Wednesday, July 16, 2008
Huge thanks go to Mark, Kate, Jason, Terri, Mark and Sarah for their massive efforts over the working weekend. Overall we managed to bash the bracken down across New Meadow and on Sunday finally dig a pond. The bracken will ensure more and more grass and flower species get a chance to grow through as well as more bramble around the edges, beneficial to both wildlife and myself as some of those blackberries are beginning to form. It is a slow monotonous task and I am massively grateful to both Mark and Kate for their help and company.
The pond is now dug, and the old donated and repaired liner is down; I'm sorry but I am praying for rain to fill it as soon as possible, one of those huge torrential downpours would be perfect, overnight if possible, or maybe I'm asking too much. While we worked, as if to encourage us, we were joined by an emperor dragonfly and 2 brown hawker dragonflies that hunted across the top of the bracken, occasionally clashing with each other. One of the brown hawkers even had an interspecies spat with a silver-washed fritillary!
Overnight we had a short badger watch with the regular sow providing excellent animated viewing as she yanked over logs to get at the hidden peanuts. There is still no sign of the rest of the clan yet and although I am certain that no disturbance has led to their, hopefully merely temporary move, I am a little concerned and would very much like to see them back.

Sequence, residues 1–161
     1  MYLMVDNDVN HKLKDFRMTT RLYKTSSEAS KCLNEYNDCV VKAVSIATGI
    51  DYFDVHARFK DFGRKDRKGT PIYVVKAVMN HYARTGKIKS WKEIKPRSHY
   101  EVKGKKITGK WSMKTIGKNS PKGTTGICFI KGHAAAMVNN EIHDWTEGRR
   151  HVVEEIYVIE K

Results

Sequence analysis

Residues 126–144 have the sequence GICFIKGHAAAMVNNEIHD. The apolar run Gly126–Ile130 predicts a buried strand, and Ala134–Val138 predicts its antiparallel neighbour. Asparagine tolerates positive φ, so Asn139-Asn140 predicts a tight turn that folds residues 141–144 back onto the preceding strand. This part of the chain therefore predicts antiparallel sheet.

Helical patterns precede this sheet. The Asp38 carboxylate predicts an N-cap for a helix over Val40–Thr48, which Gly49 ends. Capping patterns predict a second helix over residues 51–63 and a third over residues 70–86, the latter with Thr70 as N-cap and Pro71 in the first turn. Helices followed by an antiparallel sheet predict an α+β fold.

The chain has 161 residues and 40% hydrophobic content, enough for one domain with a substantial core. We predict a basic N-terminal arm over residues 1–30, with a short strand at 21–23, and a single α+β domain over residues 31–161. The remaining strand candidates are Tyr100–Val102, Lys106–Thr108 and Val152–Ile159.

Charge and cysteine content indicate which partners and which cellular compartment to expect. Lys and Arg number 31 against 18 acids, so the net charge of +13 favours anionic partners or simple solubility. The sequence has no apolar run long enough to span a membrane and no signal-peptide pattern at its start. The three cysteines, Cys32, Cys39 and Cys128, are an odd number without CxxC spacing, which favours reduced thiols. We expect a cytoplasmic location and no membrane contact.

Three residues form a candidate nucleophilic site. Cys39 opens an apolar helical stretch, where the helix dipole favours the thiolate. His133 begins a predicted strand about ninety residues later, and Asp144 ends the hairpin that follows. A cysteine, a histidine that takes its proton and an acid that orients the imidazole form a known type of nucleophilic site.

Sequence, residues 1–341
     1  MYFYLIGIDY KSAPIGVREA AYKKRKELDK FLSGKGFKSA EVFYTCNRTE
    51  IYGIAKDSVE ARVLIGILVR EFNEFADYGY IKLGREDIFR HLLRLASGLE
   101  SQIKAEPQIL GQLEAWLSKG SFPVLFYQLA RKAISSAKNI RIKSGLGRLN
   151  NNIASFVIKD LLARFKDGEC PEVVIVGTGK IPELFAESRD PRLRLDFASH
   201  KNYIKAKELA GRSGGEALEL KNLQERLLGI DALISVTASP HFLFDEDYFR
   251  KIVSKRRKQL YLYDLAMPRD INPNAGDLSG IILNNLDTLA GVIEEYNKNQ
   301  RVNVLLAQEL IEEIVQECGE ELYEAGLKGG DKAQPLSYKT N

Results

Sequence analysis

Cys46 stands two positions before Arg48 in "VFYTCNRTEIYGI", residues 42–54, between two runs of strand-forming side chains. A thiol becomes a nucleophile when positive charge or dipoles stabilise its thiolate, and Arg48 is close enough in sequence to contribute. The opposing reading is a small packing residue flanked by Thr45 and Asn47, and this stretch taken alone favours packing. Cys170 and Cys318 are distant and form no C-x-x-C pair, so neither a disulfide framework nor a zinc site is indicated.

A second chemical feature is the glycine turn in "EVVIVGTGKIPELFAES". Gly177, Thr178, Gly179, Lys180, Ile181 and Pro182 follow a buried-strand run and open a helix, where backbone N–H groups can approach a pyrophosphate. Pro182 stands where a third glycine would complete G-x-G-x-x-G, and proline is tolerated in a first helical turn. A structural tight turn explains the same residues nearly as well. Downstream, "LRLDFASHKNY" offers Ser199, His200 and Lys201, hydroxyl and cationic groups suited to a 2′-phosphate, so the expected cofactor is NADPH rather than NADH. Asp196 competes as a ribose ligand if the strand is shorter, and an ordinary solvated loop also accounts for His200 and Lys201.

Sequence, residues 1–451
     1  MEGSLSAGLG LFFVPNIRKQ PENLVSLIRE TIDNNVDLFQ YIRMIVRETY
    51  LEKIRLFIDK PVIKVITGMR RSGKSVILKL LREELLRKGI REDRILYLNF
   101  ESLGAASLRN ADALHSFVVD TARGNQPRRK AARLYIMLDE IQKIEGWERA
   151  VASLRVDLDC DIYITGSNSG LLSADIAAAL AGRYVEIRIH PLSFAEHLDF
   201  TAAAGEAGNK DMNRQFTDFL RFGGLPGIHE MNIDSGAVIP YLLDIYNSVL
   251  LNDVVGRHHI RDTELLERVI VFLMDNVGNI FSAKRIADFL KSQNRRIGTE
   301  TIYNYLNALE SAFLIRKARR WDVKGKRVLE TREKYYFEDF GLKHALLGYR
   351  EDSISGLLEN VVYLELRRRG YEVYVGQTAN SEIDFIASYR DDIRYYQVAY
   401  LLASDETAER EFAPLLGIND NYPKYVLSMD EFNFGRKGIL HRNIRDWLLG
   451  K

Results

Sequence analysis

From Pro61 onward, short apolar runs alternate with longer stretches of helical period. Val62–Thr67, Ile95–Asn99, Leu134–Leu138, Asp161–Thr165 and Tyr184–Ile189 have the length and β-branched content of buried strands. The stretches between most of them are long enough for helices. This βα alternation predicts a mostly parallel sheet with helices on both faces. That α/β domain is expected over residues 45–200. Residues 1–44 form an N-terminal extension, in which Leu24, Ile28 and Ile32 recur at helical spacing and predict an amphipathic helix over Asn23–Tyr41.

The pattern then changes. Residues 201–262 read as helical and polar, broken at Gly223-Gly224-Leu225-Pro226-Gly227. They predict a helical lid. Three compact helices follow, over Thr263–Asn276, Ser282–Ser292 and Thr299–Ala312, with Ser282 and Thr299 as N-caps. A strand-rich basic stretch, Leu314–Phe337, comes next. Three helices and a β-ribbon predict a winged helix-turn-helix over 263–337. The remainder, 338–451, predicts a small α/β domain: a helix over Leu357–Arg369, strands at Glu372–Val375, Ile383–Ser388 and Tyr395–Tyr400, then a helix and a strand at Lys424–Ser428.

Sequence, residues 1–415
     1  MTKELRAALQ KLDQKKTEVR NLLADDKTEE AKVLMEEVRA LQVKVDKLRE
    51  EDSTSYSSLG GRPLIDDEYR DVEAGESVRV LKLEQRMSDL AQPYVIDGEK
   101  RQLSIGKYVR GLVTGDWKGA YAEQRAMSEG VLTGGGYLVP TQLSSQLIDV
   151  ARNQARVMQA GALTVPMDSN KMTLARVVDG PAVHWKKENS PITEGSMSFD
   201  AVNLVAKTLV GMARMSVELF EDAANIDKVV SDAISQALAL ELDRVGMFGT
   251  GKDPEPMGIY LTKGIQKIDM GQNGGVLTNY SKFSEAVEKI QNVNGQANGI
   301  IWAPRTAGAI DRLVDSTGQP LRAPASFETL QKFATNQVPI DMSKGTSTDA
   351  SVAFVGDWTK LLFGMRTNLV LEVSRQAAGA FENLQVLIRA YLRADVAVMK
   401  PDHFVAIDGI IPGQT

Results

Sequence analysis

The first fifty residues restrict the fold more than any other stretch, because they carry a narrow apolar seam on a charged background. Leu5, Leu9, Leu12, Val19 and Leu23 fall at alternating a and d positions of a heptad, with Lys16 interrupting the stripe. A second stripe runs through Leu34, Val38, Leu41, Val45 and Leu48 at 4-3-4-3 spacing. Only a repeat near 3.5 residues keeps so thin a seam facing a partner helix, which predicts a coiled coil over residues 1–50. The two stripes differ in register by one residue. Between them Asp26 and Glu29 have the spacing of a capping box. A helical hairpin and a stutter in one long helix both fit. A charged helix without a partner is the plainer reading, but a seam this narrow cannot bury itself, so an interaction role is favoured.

For me the highlight of the weekend and also a very significant event for the woodland as whole occurred while taking a short break from pond digging. A large, active butterfly caught my attention because it was repeatedly flying around me, very close. At first it had the appearance of a white admiral but was too big and flew too aggressively. After a minute or so it eventually settled on my sweaty shirt, presumably to lap up the salt. I was amazed. It was a male Purple Emperor butterfly. It snapped open it's wings and revealed the iridescent purple on the upperside. This is a magnificent insect and I have only seen 2 before, so to actually have one land on me and in Scrag Copse is a coup by any standards. Even if I had had a camera to hand it would have been way too close to take a shot. After a while, it flew onto a camera bag for enough time to allow everyone to respond to Mark and myself's insistent shouting and run over to get a good and close view.
So, a truly royal insect has graced Scrag Copse and this means that there could easily be more across the whole complex. Purple Emperor males adopt territories and chase each other around assembly areas. These assembly areas are at canopy level and as such are hard to find. I know, however, that I will be losing a few hours this week in my search for more Emperors!